Empty pocket vs Shared Prosperity Vision: A reality check!

Empty pocket vs Shared Prosperity Vision: A reality check!

Sitting at the editorial desk on a Monday morning and stumbling on a heart wrenching story, I write this with a heavy heart and a serious concern for the downtrodden.

While Malaysia is battling an economic slowdown, this humble twitter update by Kechara Soup Kitchen revealed that the country is losing its battle against poverty.

This twitter is not merely some random update that we come across but this explains the plight of our young graduates.

Kechara Soup Kitchen revealed the story of a common man Faizal came to Kuala Lumpur to look for a job but ended up in the streets.

Unable to fend for himself, he sleeps on the streets. He could not even charge his phone to call back home.

When he did get the chance to charge his phone, he saw multiple missed calls and messages. It turns out that his mother had passed away and his family was frantically trying to get him.

As he was penniless and destitute, Faizal was distraught and was at a loss on what to do. However, a fellow homeless man got to know of his plight and urged him to approach Kechara Soup Kitchen for help.

Long story short, Kechara Soup Kitchen bought him a bus ticket so that he can go home to pay his last respects to him mother.

The bitter truth is that thousands of Faizal are still out there, not knowing where to seek help. What mechanism are there in place for people like Faizal? He was lucky that he was helped by good Samaritans from Kechara Soup Kitchen.

This tweet from Kechara underlines the battle against poverty is far from over. More than one billion people across the globe still struggle daily to secure adequate food and shelter and fulfill their basic needs.

It is easy to say that “life is about choices” — but the reality is, it is not!

It is easy to think that a homeless man became what is due to ‘choice’. And it is easy to blame that those who are impoverished made poor life decisions.

But the reason for these problems are far beyond ‘choices’. The society and the administration play a part in causing the rut.

To say that “life is about choices” when talking about poverty is a convenient way of blaming the victim. The fact is, in many countries including Malaysia, we have a severe case of inequitable wealth distribution.

In other words, the rich gets richer, and the poor gets poorer.

Just look around us, while elites get everything due to the special privileges and their connections, the others, despite being competent and well-educated, get washed out into the abyss of unknown.

Meanwhile, our beloved saviour, Prime Minister Tun Dr Mahathir Mohamad called the poor as unproductive people.

He also told us peasants not to be envious of the rich as the latter pay a lot of taxes to develop the rich.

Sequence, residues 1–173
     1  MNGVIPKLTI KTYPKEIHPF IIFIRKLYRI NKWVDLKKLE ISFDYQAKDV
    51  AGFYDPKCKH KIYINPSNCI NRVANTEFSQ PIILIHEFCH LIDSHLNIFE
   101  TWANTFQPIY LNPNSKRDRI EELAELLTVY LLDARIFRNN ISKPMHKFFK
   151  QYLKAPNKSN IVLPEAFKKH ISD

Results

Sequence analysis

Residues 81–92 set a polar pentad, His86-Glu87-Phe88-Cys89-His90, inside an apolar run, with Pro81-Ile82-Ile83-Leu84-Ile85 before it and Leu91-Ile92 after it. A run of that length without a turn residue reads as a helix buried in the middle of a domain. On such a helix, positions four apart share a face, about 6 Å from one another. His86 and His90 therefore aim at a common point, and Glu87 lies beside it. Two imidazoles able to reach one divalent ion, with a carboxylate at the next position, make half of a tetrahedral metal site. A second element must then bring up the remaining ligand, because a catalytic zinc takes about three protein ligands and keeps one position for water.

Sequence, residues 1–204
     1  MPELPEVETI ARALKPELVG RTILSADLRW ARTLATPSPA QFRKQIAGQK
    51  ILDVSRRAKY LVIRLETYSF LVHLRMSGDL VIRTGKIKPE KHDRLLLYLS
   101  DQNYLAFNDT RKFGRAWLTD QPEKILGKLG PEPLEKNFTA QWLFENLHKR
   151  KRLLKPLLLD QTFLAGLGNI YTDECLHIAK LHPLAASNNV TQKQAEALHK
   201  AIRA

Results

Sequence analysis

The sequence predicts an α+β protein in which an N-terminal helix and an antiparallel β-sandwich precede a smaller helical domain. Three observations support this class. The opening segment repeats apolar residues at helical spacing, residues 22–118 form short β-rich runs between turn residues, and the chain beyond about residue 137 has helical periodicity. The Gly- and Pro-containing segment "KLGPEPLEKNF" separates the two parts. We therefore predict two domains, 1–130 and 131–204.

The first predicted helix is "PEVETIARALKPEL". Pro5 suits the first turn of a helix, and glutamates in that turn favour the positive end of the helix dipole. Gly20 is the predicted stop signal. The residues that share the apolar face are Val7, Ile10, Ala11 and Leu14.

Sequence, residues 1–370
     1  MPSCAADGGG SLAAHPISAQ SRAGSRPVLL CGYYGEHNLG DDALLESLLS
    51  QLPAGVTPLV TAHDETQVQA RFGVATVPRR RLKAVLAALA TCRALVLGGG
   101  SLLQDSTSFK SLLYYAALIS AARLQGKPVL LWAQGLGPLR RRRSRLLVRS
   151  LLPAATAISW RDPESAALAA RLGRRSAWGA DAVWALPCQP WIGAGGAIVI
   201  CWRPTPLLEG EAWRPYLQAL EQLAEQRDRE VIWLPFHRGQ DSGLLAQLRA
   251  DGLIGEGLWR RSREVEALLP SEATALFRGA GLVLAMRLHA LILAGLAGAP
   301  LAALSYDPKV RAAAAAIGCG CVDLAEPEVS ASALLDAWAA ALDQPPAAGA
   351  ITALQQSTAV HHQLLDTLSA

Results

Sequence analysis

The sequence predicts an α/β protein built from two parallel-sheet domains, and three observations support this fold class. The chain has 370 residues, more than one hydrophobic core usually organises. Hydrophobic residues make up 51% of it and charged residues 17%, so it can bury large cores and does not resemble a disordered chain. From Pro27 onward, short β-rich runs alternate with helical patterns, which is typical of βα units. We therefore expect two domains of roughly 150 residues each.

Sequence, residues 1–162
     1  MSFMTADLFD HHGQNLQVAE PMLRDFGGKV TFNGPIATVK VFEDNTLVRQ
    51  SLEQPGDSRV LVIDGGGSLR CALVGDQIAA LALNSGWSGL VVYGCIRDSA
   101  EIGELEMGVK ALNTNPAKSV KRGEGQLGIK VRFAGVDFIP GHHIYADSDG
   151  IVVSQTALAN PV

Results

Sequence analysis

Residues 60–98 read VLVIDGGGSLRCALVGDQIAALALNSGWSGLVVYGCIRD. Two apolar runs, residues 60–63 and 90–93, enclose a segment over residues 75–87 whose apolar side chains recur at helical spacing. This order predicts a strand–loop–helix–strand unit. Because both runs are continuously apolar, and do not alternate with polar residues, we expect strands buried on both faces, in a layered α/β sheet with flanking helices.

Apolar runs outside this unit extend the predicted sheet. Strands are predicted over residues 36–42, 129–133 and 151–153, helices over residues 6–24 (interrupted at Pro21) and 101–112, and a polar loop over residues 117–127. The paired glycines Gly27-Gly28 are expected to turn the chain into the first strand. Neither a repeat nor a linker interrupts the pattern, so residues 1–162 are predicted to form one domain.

Nice one, our beloved Messiah of Pakatan Harapan. While our dear leaders mocks the poor, he blows tonnes of money for an unwanted third car project, allows Lynas Corp 12-year tax exemption and paying millions to get more official cars for ministers and their deputies.

Since we are praising the rich, will Mahathir disclose how much taxes the rich are paying, especially his hardworking children and grandchildren?

So, please do spare me your Vision 2020 and Shared Prosperity Vision slogans. Instead of all these political campaign, just resolve Faizal’s plight.

And trust me, there are a lot of Faizal’s out there coming from various races and religion.

One of the key to poverty alleviation is through financial inclusion, but it cannot be achieved without an appropriate policy and result-oriented partnership between the government, industry, civil society and financial institutions.

We live in an age of promise and opportunity, where technological advances, successful development experience and political will can be summoned to eliminate poverty – and in particular to end extreme poverty. Today, we can end poverty and free future generations from its devastating, tenacious grip yet it is a shame that all this seems like a far fetched dream.

We need to galvanise our resources, ingenuity and political will to reverse plight of the people who fall under the category of hardcore poor. These are the hardest people to reach with public goods and services, and the most difficult to integrate into economic, political and social life.

If you are one of those who care for humanity, Kechara Soup Kitchen is calling for volunteers. They need help to rescue food surplus for the underprivileged community.

Kindly contact them at 010-3333260 if you are interested to become their food rescue hero!

Hema Subramaniam is Editor in Chief at The Leaders

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